Cooks -- a first-round pick back in 2014 -- has three NFL seasons under his belt, but incredibly is only 23 years old. He adds an every-down speed component to a Patriots offense that has relied heavily on short and intermediate passing in recent years. Cooks joins New England having posted back-to-back 1,100-yard receiving seasons, including a total of 17 touchdowns during the two campaigns. He was fantasy's No. 12-scoring wide receiver in 2015 and improved to eighth last season.

Cooks is obviously a terrific player, but it's no secret that he's benefited from playing in the NFC South, especially with half of his games played in the comforts of the Superdome. Cooks' home/road splits are notable, but not particularly alarming: 161 targets, 13 touchdowns, 69 percent catch rate, 10.2 yards per target at home. 152 targets, 7 touchdowns, 68 percent catch rate, 8.0 yards per target on the road. Cooks hasn't been quite as effective after the catch (home: 4.8, road: 3.6) on the road, but has fewer drops (home: 6, road: 1) and has dealt with worse quarterback play (home: 15 percent off-target rate, road: 20 percent).

A bigger dive into the numbers shows that Cooks has yet to play in an NFL game with a temperature below 55 degrees. The average temperature for a Patriots game last season was 53 degrees, which was ahead of only the Giants (52 degrees) for coldest in the league. History shows that statistics (including completion rate, yards per attempt and drop rate) are better in warmer temperatures. Considering Cooks' impending drastic change in playing environment, this is something that certainly needs to be accounted for.

What also needs to be accounted for are roughly 35 targets per game in the New England offense. During his three seasons in the Saints' pass-heavy offense, Cooks averaged an 18 percent target share. That worked out to 7.5 targets per game. In New England's more-balanced offense (a result of many second-half leads), Cooks will be competing for targets with Julian Edelman, Rob Gronkowski, James White, Dion Lewis, Chris Hogan, Malcolm Mitchell, Dwayne Allen and potentially Danny Amendola. Cooks will obviously be near the top of the priority list, but it's hard to do the math and come away expecting more than a similar share to what he saw in New Orleans. For what it's worth, a 20 percent share of 35 targets is seven per game, which is solid, but not quite WR1 material.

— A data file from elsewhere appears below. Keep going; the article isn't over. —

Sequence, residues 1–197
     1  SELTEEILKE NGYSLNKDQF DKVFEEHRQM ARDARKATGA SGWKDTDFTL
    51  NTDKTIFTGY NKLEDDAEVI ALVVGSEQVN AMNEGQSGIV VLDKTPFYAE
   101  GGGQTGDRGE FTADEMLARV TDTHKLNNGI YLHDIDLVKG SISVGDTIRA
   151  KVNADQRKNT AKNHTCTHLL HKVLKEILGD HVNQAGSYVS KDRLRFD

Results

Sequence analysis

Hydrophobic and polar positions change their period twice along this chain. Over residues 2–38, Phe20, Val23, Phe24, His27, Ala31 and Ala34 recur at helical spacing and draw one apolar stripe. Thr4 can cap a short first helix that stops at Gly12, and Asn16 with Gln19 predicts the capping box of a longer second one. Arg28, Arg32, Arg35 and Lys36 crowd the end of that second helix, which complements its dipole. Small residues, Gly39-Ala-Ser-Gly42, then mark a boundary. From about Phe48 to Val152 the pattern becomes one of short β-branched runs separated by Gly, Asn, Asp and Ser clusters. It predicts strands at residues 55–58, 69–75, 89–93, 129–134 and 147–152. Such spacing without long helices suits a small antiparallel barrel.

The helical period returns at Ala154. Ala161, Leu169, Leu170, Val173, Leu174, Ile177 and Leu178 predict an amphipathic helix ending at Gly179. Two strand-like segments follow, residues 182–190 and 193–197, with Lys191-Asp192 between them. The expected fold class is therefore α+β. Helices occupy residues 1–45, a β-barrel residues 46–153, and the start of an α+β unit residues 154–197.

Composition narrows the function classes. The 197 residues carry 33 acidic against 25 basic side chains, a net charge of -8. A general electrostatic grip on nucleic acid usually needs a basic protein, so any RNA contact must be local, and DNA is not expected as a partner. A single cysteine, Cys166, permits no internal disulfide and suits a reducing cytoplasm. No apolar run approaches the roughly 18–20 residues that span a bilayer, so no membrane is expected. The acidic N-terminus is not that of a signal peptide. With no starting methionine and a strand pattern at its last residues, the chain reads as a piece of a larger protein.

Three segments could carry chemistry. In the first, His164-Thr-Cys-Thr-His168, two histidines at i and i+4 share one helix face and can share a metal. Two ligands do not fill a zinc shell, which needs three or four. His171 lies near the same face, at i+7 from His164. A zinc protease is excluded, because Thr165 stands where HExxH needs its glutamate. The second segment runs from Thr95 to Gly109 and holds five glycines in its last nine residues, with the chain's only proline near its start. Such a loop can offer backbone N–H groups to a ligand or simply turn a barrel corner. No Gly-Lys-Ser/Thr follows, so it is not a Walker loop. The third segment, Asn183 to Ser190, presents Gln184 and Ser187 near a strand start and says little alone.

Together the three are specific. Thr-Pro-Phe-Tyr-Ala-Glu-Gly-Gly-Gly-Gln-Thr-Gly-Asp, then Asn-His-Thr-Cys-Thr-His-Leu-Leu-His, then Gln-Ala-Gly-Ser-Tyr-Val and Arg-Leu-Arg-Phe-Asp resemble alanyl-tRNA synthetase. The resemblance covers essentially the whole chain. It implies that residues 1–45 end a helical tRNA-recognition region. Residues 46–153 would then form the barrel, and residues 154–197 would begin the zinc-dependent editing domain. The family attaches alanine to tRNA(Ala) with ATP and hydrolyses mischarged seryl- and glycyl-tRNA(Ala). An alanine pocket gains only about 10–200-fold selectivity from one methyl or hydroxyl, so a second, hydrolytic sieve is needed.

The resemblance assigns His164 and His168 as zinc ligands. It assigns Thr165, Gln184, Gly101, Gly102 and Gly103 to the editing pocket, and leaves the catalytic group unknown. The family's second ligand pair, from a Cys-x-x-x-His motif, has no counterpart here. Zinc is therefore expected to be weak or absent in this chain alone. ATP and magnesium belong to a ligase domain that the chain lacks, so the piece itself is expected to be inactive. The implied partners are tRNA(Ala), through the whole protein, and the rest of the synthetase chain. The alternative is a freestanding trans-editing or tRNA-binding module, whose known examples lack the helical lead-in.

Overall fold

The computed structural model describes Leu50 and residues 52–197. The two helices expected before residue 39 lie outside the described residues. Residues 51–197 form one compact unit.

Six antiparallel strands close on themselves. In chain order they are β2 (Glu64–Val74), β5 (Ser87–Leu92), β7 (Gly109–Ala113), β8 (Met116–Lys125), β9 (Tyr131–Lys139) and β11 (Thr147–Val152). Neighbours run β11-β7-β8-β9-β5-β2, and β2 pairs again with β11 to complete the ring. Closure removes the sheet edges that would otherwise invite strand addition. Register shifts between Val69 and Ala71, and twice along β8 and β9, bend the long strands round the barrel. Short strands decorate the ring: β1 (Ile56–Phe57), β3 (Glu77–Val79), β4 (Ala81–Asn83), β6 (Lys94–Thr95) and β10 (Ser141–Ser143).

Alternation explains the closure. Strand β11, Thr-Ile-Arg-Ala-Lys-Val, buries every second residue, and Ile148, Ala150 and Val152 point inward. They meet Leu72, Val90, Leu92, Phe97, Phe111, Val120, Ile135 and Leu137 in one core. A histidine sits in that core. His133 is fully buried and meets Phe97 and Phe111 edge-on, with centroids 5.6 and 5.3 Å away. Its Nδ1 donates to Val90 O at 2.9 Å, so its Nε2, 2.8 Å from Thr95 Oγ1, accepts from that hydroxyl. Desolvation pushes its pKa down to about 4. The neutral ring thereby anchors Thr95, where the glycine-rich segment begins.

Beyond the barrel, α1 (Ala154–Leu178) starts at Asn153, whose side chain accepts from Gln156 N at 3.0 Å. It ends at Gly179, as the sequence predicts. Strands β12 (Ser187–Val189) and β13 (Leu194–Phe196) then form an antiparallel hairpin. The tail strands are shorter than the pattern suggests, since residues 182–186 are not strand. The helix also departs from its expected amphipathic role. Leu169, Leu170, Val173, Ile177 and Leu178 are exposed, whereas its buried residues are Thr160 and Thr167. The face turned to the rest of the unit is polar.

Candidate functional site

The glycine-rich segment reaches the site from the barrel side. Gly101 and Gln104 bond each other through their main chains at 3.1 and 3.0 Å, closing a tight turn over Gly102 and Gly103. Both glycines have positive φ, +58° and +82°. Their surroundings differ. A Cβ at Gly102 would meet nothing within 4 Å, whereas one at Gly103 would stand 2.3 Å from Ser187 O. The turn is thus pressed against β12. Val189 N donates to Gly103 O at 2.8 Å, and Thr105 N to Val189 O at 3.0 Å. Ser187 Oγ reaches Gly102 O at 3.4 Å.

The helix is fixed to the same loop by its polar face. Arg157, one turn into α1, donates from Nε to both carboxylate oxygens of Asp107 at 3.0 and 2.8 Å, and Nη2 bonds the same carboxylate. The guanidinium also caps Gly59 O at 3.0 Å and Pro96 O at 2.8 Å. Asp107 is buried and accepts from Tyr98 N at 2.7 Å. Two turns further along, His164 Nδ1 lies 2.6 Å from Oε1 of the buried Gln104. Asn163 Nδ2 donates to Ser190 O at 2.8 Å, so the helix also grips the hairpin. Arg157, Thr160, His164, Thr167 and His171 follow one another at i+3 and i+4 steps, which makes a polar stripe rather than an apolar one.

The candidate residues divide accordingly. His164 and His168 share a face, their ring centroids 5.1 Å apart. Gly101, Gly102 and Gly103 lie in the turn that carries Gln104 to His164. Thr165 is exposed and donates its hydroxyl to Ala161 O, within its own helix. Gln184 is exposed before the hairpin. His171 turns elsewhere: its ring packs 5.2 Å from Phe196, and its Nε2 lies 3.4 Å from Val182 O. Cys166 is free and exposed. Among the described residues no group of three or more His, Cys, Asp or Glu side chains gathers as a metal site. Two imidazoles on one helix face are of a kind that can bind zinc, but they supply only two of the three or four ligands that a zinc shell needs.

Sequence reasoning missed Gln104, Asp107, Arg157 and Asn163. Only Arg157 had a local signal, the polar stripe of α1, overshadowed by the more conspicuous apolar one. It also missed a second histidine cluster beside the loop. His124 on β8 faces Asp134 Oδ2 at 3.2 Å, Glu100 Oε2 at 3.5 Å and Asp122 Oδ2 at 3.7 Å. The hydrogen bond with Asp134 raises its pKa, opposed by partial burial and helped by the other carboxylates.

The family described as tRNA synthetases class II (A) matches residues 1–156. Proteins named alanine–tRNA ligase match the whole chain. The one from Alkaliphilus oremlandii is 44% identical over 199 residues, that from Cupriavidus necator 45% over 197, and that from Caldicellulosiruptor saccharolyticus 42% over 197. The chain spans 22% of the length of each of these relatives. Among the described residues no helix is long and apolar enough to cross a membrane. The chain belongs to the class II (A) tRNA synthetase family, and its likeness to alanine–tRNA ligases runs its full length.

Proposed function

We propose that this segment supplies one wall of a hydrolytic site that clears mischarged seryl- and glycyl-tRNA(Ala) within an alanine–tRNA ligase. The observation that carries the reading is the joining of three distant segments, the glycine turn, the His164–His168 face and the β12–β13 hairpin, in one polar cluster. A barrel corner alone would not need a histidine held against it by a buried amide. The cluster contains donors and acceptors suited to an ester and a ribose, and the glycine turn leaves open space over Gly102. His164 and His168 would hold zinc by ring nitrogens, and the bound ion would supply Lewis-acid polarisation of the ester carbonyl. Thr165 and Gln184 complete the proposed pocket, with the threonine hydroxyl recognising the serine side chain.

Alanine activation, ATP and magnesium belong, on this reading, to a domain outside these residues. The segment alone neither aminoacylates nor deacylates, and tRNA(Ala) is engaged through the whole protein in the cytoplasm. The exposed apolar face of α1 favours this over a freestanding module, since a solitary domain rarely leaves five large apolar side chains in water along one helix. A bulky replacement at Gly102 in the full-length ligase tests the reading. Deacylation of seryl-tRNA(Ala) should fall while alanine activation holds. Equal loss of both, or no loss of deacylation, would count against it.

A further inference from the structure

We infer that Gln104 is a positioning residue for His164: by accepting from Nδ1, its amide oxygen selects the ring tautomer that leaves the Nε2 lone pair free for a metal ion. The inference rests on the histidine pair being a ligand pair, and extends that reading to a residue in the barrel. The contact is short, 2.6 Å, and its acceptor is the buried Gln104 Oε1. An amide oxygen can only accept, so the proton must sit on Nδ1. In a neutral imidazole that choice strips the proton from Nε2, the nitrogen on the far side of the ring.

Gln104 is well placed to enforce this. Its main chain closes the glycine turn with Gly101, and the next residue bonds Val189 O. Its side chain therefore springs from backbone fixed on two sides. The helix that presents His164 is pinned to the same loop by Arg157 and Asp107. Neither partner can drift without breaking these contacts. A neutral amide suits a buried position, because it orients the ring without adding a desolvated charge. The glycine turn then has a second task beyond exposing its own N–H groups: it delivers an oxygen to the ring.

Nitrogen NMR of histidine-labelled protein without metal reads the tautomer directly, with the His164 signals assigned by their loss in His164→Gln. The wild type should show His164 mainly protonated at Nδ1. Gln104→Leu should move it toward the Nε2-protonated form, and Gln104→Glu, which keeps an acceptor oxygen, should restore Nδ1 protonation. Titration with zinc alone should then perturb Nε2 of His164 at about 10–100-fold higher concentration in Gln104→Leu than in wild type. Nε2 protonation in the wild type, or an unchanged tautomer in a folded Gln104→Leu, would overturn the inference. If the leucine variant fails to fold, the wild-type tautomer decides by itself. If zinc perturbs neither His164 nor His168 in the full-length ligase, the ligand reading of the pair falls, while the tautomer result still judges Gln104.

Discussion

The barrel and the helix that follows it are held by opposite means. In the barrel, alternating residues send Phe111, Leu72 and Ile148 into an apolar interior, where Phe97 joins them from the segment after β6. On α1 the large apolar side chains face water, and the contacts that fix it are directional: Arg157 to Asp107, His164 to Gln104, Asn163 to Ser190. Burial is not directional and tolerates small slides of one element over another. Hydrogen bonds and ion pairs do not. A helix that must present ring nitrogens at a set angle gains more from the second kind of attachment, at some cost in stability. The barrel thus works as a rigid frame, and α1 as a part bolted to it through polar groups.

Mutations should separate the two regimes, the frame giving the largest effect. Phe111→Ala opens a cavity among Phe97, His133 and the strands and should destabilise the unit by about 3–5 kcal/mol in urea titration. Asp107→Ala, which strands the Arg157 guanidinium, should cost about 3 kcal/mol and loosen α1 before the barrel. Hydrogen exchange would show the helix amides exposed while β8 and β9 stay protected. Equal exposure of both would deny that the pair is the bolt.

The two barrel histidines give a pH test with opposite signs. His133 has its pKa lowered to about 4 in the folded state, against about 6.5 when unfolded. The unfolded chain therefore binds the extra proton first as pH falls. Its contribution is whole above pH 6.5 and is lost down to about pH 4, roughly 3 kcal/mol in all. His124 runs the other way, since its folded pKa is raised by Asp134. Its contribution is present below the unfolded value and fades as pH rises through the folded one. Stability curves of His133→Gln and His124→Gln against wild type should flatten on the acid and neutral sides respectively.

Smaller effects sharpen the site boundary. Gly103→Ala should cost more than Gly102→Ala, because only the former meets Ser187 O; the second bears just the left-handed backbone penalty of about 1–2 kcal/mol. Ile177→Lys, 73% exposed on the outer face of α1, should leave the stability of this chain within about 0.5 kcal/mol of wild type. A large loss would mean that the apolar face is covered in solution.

Clay's early 16-game projection for 2017: 114 targets, 75 receptions, 967 yards and 6 touchdowns. Add in the effects of the quarterback and weather change, and Cooks is best-viewed as a solid WR2.

As for the impact of the trade on the Saints' wide receivers, it's important to consider the history of the Sean Payton/Drew Brees offense. In a nutshell, they like to spread it around. The two arrived in New Orleans in 2006, and check out the target share of the team's top wide receiver during their 11 years of work: 20, 23, 19, 20, 20, 17, 20, 18, 16, 20, 19.

That's pretty telling. Only one season is above 23 percent, and that was Marques Colston's career year in 2007. Why is this important? Because Cooks handled 18 percent of the Saints' targets last season, which was not far off what Michael Thomas (19 percent) and Willie Snead (16 percent) saw in 15 games. It's easy to project a big boost in usage for both players, but history shows it's unlikely. Instead, expect a slight boost for both, with most of the remaining targets headed to new No. 3 wideout and certified lid lifter Ted Ginn Jr.